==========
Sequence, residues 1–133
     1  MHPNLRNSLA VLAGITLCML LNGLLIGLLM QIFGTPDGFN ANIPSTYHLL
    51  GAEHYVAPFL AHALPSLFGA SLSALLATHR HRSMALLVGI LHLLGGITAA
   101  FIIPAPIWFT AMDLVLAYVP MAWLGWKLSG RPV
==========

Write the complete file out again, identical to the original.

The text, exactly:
Sequence, residues 1–133
     1  MHPNLRNSLA VLAGITLCML LNGLLIGLLM QIFGTPDGFN ANIPSTYHLL
    51  GAEHYVAPFL AHALPSLFGA SLSALLATHR HRSMALLVGI LHLLGGITAA
   101  FIIPAPIWFT AMDLVLAYVP MAWLGWKLSG RPV